Tuesday, April 25, 2017

 

Shogun of the House to hold out-of-district fundraiser today during legislative session


by Larry Geller

Who is the “shogun of the House?” in this old diagram, the face is still Calvin Say’s, but the current shogun is Speaker of the House Joe Souki. Yeah, I’m still pushing my analogy of the Hawaii state legislature as the Japanese government during the feudal era.

Fiefdom[4]_thumb[2]

The legislative calendar is at a crucial phase in which bills are assigned to conference committees which meet behind closed doors, out of public view, to impose the intentions of the powerful leadership on each bill.

The shogun (Speaker) appoints the House members of the conference committees. Clearly, the fate of any bill depends on who he appoints and what is whispered to them before they enter those rooms where sunshine never penetrates.

Tonight the shogun is holding a fund raiser out of his district (Hawaii District 8, Kahakuloa, Waihee, Waiehu, Puuohala, Wailuku, Waikapu). He is suggesting a donation of $1,000, more than his average constituent is likely to be able to afford, not to mention the air fare and hotel cost to fly to Oahu to attend his fundraiser.

Simply and particularly because of Souki’s position of power, holding a posh fundraiser on Oahu is likely to attract mainly lobbyists and special interests. This raises ethical questions for me, in the common usage of the term. The Legislature has been unwilling to impose a ban on in-session fundraisers and so they are legal. I am not claiming otherwise. And sure, he has a Constitutional right to hold a fundraiser anywhere he pleases, in the absence of restrictions. I’m sure it falls under free speech rights, the same as are enjoyed by a panhandler standing outside the Royal Hawaiian Center tonight. Inside or outside, same rights.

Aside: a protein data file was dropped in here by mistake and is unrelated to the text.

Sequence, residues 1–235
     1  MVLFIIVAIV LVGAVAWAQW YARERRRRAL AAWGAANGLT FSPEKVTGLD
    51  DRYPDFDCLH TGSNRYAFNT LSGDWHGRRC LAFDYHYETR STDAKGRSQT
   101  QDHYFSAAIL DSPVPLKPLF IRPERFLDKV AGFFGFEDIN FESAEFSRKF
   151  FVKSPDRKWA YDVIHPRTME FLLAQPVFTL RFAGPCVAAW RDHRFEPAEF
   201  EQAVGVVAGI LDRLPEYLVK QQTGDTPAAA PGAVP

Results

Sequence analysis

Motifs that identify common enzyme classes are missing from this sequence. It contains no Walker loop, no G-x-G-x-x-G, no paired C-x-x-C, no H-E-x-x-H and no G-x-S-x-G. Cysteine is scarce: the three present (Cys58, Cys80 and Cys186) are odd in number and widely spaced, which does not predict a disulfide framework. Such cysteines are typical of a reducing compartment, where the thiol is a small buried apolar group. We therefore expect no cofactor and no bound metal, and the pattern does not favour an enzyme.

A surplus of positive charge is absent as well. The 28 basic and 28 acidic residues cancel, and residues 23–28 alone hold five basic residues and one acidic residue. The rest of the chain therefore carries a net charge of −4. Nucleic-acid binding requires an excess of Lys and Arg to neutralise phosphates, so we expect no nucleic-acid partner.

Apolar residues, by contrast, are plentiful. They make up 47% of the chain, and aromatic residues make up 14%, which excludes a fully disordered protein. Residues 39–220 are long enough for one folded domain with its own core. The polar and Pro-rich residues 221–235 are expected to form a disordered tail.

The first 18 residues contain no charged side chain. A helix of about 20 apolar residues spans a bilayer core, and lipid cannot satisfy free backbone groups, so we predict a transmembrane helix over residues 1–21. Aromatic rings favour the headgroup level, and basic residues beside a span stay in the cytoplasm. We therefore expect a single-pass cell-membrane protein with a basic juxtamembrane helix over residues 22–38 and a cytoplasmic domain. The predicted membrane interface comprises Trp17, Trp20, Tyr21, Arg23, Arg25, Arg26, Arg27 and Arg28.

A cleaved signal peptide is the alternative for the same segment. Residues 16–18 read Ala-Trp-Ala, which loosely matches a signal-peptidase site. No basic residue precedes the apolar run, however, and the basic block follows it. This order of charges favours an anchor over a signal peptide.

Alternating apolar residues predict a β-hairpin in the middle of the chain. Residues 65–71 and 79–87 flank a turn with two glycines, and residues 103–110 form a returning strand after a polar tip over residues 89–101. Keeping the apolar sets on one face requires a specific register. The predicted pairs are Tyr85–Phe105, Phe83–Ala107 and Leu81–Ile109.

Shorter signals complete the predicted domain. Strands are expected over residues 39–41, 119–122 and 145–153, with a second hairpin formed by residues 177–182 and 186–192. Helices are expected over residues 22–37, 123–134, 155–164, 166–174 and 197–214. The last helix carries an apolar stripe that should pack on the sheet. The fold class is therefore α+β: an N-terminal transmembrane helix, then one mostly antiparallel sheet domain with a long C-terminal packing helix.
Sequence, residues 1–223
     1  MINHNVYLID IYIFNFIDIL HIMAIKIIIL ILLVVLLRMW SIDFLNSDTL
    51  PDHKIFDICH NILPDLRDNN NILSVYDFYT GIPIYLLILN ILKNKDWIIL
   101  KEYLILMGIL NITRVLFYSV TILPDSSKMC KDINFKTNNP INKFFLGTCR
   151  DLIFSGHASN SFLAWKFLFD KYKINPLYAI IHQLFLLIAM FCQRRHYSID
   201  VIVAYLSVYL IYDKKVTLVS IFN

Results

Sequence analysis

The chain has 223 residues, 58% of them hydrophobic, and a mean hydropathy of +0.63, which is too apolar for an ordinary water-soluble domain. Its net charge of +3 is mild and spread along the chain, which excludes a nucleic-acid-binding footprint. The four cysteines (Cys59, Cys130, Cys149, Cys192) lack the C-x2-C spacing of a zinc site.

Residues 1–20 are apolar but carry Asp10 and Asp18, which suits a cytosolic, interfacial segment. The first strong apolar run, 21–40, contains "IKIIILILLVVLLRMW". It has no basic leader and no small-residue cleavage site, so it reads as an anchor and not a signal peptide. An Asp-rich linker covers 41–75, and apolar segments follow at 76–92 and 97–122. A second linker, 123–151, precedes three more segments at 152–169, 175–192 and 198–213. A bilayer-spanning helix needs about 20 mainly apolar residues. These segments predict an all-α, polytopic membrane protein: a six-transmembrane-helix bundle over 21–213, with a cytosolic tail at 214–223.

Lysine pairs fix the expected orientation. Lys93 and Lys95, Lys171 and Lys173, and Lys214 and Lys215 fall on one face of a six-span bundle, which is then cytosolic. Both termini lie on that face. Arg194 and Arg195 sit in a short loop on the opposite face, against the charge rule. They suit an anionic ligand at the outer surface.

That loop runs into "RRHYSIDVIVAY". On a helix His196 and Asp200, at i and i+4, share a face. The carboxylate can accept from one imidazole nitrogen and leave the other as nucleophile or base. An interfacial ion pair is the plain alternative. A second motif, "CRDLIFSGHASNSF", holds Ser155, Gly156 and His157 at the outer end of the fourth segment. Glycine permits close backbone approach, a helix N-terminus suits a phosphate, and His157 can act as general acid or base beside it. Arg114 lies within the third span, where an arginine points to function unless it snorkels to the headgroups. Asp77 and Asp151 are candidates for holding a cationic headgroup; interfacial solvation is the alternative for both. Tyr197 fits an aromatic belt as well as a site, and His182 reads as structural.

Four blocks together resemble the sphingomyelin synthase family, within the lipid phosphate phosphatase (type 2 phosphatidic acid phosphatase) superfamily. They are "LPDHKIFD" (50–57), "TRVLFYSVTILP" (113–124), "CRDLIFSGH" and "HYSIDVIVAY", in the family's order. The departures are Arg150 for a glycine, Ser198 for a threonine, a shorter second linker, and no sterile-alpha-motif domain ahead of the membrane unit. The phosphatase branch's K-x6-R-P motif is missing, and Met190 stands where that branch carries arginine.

Still… I wonder if the contributions will be suitably wrapped.

In feudal Japan, and often pictured in period television dramas, a merchant would always make sure that the bribe he was passing to the corrupt official was impeccably presented (see image at right snipped from an episode of the long-running period drama Mito Komon).

happy birthdayBribe


 

In the Mito Komon dramas justice was always done just before the commercials at the 49 minute mark. Each time it looked something like this:

Mito Komon

Mito Komon traveled incognito with his two samurai sidekicks Sukesan and Kakusan, fighting crime and corruption. Somehow just moments before the episode ended the three appeared on the scene in a pose something like this. The “mon”, or family crest, would be instantly recognized and everyone would hit the ground with lowered heads.

Then the evildooers would decide to rebel and a sword fight would ensue.

There was never blood nor a costume ripped to shreds, which is how the same actors managed to do the same thing in different roles the following weeks. In Hawaii, also, the same scenes are played out during each annual legislative session. What we are missing, though, is our own Mito Komon.

This year Souki is asking for a suggested donation of $1,000. That’s a step up from much earlier, when $25 would do.

Souki 20150311_thumb[4]

Another difference is that this year’s invitation makes it clear that donations go to “Speaker of the House” Rep. Joseph Souki. Truth in advertising.



Comments:

For what it's worth, the Oahu County Democratic Party of Hawaii just passed a resolution asking all legislators to stop holding fundraisers during the session. Time will tell.
 

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